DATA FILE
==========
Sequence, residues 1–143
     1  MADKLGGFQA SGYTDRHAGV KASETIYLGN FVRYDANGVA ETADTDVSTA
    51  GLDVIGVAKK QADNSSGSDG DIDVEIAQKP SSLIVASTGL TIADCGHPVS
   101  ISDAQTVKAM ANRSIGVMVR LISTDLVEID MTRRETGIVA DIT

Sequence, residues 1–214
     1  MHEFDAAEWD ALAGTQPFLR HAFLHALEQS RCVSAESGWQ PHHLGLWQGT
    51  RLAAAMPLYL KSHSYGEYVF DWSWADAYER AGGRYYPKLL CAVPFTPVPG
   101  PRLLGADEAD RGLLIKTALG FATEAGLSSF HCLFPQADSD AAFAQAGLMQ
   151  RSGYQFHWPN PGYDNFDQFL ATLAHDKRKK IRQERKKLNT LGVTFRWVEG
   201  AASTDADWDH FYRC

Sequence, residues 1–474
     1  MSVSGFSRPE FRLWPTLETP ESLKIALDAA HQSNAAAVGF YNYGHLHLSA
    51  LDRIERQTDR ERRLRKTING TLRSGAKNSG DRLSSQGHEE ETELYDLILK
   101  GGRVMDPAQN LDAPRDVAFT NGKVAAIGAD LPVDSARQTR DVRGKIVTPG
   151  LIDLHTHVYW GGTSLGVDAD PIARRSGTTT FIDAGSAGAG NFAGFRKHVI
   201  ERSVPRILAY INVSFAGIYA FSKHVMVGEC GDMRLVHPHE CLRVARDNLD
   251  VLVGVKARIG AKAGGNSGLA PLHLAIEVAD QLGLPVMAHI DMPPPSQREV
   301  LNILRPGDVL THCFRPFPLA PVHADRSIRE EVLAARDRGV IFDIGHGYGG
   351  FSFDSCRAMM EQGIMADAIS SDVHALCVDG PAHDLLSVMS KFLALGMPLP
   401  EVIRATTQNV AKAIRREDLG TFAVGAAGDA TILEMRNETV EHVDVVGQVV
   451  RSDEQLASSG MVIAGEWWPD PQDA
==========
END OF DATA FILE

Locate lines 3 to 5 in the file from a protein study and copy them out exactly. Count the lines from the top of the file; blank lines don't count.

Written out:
    51  GLDVIGVAKK QADNSSGSDG DIDVEIAQKP SSLIVASTGL TIADCGHPVS
   101  ISDAQTVKAM ANRSIGVMVR LISTDLVEID MTRRETGIVA DIT

Sequence, residues 1–214